Vice-Admiral Ron Lloyd - Operation HONOUR Briefing

Speeches / August 31, 2016

Good afternoon everyone.

I’m Vice-Admiral Ron Lloyd, the Commander of the Royal Canadian Navy. With me today in the front row is Chief Petty Officer First Class Michel Vigneault, the RCN Command Chief.

Today we will update you and take your questions on what we are doing to address misconduct issues across in the RCN, and more specifically, in relation to Operation Honour as we move to eliminate harmful and inappropriate sexual behaviour.

I want it clearly understood today that we stand firmly with the Chief of the Defence Staff and the senior Defence Team leadership as we collectively work to create a workspace for our people that is free from any form of abuse, discrimination, and inappropriate sexual behaviour.

Together we will identify inappropriate conduct, provide care to those who have been wronged, and we will hold perpetrators to account.

Last April, we implemented an Operation Honour-focused incident tracking system. Since that time, we have been tracking a number of conduct cases involving some form of inappropriate sexual behaviour.

These cases include:

  • inappropriate sexualized social behaviour (i.e jokes, expressions, images);
  • sexual harassment (i.e. unwanted invitations, leering, unnecessary touching); and
  • sexual misconduct (as defined in the Criminal Code).

One of these incidents is “closed”, with the perpetrator having been released administratively from the Canadian Armed Forces; while in many of the remaining cases initial investigations led to remedial measures being taken against the perpetrator. Several of these cases have been referred to the National Investigation Services; and civilian authorities have laid charges in one case. 

The RCN has always dealt with misconduct issues directly, particularly when it comes to those holding positions of leadership or command. Trust is a key component of leadership and discipline, and it must not be placed in doubt. When we lose confidence or trust in those holding positions of responsibility, they are removed from those positions, and the issues surrounding the removal are examined.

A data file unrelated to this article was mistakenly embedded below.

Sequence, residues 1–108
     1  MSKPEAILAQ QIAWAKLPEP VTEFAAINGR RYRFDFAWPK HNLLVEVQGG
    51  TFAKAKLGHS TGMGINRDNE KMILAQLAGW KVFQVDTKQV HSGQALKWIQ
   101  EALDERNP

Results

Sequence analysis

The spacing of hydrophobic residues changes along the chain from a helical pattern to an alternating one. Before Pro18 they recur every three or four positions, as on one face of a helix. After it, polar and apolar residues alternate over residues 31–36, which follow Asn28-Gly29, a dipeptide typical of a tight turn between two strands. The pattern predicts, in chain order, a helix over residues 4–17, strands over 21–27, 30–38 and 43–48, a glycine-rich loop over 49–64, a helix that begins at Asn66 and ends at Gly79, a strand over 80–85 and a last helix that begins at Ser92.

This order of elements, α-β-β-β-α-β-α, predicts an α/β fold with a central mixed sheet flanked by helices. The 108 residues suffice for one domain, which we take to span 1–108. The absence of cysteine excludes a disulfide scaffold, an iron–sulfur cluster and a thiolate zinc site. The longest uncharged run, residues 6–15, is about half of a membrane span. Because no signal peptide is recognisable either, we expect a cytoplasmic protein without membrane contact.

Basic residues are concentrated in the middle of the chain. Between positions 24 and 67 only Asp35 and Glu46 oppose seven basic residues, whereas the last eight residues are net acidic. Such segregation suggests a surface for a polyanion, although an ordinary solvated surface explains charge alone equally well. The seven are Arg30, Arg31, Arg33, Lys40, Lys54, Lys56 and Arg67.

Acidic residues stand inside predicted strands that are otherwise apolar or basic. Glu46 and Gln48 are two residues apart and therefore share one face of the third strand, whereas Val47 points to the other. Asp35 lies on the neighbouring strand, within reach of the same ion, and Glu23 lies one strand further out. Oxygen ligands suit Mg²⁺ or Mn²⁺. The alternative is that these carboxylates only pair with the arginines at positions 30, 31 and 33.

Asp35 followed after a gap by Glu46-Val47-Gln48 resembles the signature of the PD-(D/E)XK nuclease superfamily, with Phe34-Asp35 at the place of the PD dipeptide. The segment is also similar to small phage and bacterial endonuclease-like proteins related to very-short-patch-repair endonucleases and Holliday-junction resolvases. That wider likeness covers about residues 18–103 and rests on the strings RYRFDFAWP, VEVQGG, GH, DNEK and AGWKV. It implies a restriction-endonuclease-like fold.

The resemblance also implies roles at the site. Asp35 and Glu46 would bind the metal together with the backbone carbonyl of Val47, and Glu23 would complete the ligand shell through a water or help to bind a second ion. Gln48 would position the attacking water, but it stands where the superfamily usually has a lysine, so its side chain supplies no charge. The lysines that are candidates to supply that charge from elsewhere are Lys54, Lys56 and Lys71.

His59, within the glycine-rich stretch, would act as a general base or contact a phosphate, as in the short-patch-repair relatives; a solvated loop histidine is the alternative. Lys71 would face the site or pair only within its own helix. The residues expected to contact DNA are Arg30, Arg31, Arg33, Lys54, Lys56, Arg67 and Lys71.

In order to ensure the principles of Operation Honour were foundational and enduring within the RCN, we incorporated them into the RCN Code of Conduct.

The RCN Code of Conduct was officially released in February of 2016 and it is central to defining what right looks like. It formally promotes a respectful professional environment, free from all forms of discrimination and harassment, and it formalizes our stance that everyone in the RCN has a leadership role to play when it comes upholding good conduct and the elimination of harmful and inappropriate sexual behaviour.

In addition, the RCN has also developed a training strategy whose new training modules were developed by Naval training staff in concert with the CAF Strategic Response Team on Sexual Misconduct.

The RCN Code of Conduct institutionalizes and operationalizes Operation Honour and it is thoroughly entrenched in every level of this new training system - from the most basic occupation training, through to that of our most senior Command Teams.

Furthermore, the RCN Code of Conduct is core to our mentorship and leadership within all levels of our chain of command.

Our goal is to apply the principles of Operation Honour through what we call “deck-plate leadership” – the immediate and visible interaction between leaders and junior personnel at all levels.

Our next steps are to continue to build our sailors’ confidence in their chain of command and in our reporting mechanisms so that victims will not fear reprisal in coming forward.

Everyone also has to clearly understand there are no bystanders in the RCN when it comes to harmful and inappropriate sexual behaviour.

There are perpetrators, victims and witnesses  –  victims need to tell us when something has happened; witnesses have a responsibility to stop or report incidents; and perpetrators need to know we will find and deal with them to the fullest extent of our abilities.

We all have a responsibility to be part of the solution, and not part of the problem.

At the end of the day, this is all about people. It’s about making sure they have a safe and respectful workplace, free from abuse or discrimination – one in which they can focus on, and carry out their duties in the service of Canada.

If anyone in the RCN does not live up to our Code of Conduct they can be assured there will be very real consequences directly tied to poor judgement and inappropriate behaviour.

In summary, we are unwavering in our commitment to show our sailors and our country “what right looks like”. We are making headway; and while some higher regulatory changes will take more time, change for the better is happening at every level throughout your Navy.

Implementing Operation Honour and our Code of Conduct to their fullest will take time, and I can tell you without hesitation or reservation the leadership of the RCN is committed to accomplishing this very important and enduring operation.

Thank you.